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Human Rights Code (Ontario)

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Jan 5, 2022

The Human Rights Code is a statute in the Canadian province of Ontario that guarantees equality before the law and prohibits discrimination in specific social areas such as housing or employment. The code’s goal specifically prohibits discrimination based on race, colour, gender identity or expression, sex, sexual orientation, disability, creed, age and other grounds.[1] The code is administered by the Ontario Human Rights Commission and enforced by the Human Rights Tribunal of Ontario.

Human Rights Code
Legislative Assembly of Ontario
  • An Act to establish the Ontario Code of Human Rights and to provide for its Administration
Citation R.S.O. 1990, c. H.19
Territorial extent Ontario
Enacted by Legislative Assembly of Ontario
Commenced June 15, 1962
Keywords
Human rights, anti-discrimination law
Status: Current legislation

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The Human Rights Code was the first law of its kind in Canada. It replaced various laws that dealt with different kinds of discrimination. The code brought them together into one law and added some new protections. The code came into force on June 15, 1962. June 15 was chosen as the proclamation date for the code because it was the 747th anniversary of the signing of the Magna Carta.

The code replaced the province’s existing anti-discrimination legislation, including:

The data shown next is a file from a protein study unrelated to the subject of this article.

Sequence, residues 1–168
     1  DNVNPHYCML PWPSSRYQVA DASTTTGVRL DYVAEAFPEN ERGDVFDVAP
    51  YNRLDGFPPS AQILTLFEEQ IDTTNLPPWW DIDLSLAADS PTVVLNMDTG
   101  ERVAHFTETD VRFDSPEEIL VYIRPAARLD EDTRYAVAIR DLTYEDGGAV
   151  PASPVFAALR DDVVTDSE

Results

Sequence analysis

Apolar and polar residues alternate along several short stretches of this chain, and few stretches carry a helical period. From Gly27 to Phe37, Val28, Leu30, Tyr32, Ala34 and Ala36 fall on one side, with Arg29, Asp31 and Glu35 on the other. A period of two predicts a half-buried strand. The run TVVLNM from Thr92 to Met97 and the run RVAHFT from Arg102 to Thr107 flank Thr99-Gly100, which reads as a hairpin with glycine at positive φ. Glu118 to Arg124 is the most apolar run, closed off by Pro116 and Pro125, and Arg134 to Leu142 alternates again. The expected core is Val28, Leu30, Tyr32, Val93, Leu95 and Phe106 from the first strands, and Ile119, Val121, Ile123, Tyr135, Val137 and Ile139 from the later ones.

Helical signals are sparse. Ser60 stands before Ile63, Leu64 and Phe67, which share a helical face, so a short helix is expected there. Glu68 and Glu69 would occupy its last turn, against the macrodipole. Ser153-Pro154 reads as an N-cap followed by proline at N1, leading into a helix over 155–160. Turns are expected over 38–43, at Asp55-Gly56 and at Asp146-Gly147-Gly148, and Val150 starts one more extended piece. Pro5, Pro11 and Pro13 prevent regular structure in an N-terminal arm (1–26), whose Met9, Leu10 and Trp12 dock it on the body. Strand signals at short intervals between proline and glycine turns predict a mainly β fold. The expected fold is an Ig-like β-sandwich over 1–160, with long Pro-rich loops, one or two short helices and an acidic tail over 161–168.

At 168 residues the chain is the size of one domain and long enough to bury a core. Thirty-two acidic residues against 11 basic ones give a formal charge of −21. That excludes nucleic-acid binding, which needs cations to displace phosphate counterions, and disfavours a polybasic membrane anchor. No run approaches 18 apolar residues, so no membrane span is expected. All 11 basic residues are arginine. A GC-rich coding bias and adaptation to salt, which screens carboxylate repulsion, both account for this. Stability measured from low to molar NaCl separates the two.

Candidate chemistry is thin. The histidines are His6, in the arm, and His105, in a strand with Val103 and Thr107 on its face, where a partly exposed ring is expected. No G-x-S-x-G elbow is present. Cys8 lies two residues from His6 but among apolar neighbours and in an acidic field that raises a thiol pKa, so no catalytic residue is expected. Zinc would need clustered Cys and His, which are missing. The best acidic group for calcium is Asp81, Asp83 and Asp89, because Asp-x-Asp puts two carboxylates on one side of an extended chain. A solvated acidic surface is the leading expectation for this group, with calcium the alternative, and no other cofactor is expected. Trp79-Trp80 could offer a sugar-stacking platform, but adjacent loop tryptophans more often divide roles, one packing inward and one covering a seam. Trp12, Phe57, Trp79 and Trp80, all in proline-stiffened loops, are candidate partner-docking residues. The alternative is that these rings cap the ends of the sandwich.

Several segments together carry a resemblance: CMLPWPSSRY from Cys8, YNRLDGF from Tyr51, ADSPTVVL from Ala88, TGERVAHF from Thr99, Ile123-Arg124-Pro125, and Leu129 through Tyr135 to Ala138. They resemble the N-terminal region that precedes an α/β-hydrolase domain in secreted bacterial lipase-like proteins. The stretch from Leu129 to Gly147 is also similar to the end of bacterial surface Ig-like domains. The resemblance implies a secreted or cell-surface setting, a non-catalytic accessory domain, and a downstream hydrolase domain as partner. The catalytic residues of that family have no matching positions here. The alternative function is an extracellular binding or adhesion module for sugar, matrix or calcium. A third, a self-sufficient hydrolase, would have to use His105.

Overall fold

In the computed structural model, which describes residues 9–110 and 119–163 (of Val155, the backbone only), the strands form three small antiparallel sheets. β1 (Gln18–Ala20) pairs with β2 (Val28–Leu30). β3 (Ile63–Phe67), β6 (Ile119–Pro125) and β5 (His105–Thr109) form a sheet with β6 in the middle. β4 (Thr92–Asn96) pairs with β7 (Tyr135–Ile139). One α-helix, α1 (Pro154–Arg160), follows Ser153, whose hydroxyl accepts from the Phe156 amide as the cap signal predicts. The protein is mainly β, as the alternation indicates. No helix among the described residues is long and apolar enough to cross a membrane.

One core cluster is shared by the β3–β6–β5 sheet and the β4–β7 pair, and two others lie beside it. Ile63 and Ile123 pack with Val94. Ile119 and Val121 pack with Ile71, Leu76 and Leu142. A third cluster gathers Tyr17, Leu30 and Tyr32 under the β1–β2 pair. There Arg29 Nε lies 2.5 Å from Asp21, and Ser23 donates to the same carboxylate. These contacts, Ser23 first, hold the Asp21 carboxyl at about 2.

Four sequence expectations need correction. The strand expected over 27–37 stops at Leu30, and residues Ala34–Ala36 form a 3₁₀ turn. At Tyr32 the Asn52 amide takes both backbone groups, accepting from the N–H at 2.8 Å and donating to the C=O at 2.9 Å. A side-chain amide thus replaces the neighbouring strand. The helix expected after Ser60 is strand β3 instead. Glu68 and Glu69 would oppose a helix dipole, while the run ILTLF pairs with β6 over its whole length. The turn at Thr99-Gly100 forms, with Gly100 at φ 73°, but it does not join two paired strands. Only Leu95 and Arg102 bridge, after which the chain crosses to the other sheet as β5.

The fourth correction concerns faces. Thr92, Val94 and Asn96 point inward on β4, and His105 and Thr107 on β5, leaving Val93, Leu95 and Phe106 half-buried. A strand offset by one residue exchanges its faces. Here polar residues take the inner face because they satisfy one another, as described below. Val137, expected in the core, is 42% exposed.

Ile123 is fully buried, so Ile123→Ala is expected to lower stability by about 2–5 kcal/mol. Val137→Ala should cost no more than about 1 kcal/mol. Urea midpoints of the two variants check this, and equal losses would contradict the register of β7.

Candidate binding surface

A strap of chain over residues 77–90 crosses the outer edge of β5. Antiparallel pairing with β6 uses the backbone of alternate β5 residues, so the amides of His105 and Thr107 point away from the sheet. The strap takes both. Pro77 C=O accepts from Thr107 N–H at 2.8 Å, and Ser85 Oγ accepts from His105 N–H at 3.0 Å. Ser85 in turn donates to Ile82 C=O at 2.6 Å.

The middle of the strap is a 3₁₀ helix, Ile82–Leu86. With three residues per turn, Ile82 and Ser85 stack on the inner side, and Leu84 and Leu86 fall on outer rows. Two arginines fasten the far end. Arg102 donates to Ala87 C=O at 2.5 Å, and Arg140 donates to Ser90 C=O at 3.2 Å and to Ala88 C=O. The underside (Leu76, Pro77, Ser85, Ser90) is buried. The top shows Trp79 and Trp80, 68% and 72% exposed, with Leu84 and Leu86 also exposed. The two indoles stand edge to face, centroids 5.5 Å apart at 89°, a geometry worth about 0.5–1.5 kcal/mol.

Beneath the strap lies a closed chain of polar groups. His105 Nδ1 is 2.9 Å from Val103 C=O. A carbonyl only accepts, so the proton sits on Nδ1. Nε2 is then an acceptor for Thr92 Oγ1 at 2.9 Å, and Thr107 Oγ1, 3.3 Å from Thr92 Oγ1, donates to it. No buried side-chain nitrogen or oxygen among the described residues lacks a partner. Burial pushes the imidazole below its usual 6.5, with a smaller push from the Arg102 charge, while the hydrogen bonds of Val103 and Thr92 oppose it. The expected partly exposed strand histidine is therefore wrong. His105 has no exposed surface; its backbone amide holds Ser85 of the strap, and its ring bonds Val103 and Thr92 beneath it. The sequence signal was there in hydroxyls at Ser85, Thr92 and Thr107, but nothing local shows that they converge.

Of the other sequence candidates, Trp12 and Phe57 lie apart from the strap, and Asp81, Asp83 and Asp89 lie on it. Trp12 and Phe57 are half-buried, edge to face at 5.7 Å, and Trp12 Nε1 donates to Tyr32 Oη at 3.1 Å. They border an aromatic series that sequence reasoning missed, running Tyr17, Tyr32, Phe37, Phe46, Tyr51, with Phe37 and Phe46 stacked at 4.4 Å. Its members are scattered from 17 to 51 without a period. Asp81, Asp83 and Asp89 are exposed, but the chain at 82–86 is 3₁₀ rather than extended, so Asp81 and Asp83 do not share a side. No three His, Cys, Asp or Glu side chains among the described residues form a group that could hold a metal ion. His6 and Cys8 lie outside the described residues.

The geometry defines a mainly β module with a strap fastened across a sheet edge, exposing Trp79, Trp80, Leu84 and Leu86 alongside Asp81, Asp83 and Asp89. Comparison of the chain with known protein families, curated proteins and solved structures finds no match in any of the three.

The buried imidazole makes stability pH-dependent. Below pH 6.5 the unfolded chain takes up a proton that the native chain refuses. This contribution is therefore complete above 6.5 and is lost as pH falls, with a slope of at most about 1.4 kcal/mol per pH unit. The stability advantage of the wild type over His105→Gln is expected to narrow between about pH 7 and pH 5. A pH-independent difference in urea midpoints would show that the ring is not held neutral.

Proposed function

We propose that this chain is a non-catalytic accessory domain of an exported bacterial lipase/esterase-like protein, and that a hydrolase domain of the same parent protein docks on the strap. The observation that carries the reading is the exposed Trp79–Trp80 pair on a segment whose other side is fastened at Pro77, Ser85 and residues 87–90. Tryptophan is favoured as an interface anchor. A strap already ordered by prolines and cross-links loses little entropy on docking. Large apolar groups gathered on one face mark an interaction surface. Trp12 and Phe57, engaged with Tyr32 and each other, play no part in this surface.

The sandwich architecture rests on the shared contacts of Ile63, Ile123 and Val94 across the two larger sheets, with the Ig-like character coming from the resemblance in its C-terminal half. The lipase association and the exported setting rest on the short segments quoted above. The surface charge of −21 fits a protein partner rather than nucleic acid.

• Fair Employment Practices Act, 1951 which prohibited discrimination based on race and religion in employment;
  • Female Employee’s Fair Remuneration Act, 1951 which prohibited an employer from paying a female employee less money for the same work done by a man in the same establishment
  • Fair Accommodation Practices Act, 1954 which prohibited discrimination in public places on racial, religious or ethnic grounds;
  • Ontario Anti-Discrimination Commission Act, 1958 which created a commission to administer the above acts and develop educational programs;

At the same time that the Ontario Human Rights Commission was created, the government of the day, led by Premier Leslie Frost introduced an amendment to the Fair Accommodation Practices Act to prohibit discrimination because of race, colour or creed in the renting of apartments in buildings which contain more than six units.

The Human Rights Commission led an extensive review of the Code in the mid-1970s, culminating in a report titled Life Together: A Report on Human Rights in Ontario. Some of the report’s recommendations were adopted in the Ontario Human Rights Code, 1981, which passed in December 1981.[2]

The code prohibits discrimination on the grounds of race, ancestry, place of origin, colour, ethnic origin, citizenship, creed, sex, sexual orientation, gender identity and expression, age, marital status, family status, disability, the receipt of public assistance (housing only), record of offences (employment only), or by association with a person identified by any of those grounds.

The most recent amendment to this list was on June 19, 2012, to add gender identity and gender expression to the list of prohibited grounds.

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